Last December, 20,000 kadyrovtsy swore personal fealty to him at a ceremony in Grozny in December, prompting Nemtsov to write an eerily prescient Facebook post.

"Today Kadyrov said that his fighters are ready to defend the regime and fulfill any of the Kremlin's orders," Nemtsov wrote. "What happens next? The country's entering a crisis, there's no money for anything, including supporting the regions. The unspoken contract between Kadyrov and Putin is ending.

"Where will the 20,000 kadyrovtsy go? What will they demand? How will they behave? When will they come to Moscow?" he added.

Officially, investigators have not implicated Kadyrov or any of his entourage in the crime. Recent leaks to the Russian press, however, suggest that their attention has fallen on Ruslan Geremeyev, who served in Dadayev's battalion and is reportedly the nephew of two senior Chechen lawmakers — including Adam Delimkhanov, a lawmaker implicated in the murders of two top Kadyrov critics. Delimkhanov's brother Alibek is the commander of the North Battalion, where Dadayev served.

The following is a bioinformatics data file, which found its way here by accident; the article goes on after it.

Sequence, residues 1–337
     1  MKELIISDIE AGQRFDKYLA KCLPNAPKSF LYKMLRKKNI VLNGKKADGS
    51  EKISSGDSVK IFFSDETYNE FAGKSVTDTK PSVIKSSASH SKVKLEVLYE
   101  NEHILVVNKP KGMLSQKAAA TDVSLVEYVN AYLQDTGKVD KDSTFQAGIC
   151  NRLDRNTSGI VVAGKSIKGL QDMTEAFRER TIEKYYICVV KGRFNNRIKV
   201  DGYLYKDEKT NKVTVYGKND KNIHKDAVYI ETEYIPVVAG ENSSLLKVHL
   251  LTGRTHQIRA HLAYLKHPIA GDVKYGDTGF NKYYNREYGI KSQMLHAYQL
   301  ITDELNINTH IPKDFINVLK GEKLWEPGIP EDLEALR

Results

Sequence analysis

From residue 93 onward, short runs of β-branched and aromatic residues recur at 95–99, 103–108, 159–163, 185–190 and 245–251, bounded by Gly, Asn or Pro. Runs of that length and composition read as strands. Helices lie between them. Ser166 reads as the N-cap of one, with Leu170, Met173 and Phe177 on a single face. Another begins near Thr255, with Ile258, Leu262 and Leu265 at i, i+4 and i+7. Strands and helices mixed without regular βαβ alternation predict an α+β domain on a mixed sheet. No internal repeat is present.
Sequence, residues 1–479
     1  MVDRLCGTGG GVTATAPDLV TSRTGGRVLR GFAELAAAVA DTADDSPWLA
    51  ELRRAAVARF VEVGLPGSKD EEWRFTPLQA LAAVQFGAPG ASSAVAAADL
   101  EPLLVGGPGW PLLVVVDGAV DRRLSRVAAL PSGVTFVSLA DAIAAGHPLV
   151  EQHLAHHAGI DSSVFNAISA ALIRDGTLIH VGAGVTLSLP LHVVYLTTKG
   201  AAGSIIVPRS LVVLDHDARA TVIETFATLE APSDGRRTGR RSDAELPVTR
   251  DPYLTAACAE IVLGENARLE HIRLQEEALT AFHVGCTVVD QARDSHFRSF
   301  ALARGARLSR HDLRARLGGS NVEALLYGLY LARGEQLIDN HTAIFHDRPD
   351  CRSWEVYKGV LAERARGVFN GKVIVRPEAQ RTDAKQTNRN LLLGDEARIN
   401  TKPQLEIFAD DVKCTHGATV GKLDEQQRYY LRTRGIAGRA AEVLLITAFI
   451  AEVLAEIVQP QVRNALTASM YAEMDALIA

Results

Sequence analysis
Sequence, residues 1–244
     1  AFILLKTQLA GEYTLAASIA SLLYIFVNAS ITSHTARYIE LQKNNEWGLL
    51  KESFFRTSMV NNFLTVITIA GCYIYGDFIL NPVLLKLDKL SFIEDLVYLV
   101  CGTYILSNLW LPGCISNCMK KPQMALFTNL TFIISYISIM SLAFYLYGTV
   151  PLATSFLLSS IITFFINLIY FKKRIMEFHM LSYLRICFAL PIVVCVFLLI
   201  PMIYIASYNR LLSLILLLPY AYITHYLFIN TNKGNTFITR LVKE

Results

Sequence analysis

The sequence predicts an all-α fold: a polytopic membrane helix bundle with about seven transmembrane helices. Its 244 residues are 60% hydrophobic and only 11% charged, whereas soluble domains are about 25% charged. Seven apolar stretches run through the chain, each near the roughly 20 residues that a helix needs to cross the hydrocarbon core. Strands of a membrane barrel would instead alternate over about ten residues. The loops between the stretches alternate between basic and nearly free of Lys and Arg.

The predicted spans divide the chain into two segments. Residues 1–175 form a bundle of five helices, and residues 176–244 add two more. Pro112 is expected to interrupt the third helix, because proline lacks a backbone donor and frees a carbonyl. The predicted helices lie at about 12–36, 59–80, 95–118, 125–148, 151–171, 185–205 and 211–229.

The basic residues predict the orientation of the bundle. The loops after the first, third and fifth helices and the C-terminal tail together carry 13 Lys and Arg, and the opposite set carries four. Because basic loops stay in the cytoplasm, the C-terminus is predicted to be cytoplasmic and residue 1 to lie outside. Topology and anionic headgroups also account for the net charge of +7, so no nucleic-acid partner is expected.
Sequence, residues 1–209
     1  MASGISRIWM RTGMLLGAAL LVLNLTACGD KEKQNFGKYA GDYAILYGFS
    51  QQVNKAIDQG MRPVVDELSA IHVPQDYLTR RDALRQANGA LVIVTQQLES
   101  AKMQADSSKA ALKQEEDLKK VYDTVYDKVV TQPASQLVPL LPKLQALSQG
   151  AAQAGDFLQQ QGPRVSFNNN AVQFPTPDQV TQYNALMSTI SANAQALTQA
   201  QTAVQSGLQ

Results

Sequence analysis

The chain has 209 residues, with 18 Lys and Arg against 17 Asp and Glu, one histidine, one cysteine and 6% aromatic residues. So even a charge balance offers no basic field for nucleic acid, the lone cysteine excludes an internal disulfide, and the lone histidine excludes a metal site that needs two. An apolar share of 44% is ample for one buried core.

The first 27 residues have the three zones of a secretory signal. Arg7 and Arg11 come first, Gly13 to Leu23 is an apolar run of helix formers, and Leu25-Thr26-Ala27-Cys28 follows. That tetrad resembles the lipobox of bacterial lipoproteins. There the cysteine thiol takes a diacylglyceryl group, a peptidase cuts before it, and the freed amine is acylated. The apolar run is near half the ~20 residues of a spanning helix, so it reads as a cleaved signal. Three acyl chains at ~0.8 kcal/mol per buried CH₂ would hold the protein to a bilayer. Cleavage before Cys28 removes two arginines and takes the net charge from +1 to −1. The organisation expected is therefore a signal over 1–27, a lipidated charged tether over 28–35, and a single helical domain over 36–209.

According to the independent RBK newspaper, Dadayev told investigators that he was given the murder weapon and getaway car by a Chechen known as Rusik, who drove a Mercedes with 007 license plates. Another of the defendants, Tamerlan Esterkhanov, said that Rusik was Geremeyev's driver and had introduced him to Dadayev a few weeks before the murder, RBK reported. Esterkhanov is a former police officer in a unit commanded by another of Geremeyev's close relatives, the Kommersant newspaper reported.

Dadayev and Esterkhanov recounted their confessions a few days after their arrest, and told rights activists who visited them in jail that they had been tortured. Both men now claim to have alibis. Esterkhanov's lawyers say that he was working as a nightclub bouncer in a different part of Moscow at the moment of the killing on Feb. 27 — apparently confirmed by security-camera footage leaked to LifeNews, a pro-Kremlin channel with close ties to Russia's law enforcement. Dadayev's lawyer, Ivan Gerasimov, would not say where his client was. "Maybe they'll find out that he was guilty," he told BuzzFeed News.

Lawyers and relatives of the other three defendants say they have wound up in the case by chance. Authorities in Chechnya commonly sweep up relatives, friends, and random people in counterterrorism investigations, torture them, and force them to confess to being militants, rights groups and analysts say. Many of them disappear without a trace.

One such case involves Dadayev's own family. The European Court of Human Rights awarded his aunt Larisa 120,000 euros ($128,000) in 2001 after special forces arrested her husband and brother-in-law, who were never heard from again.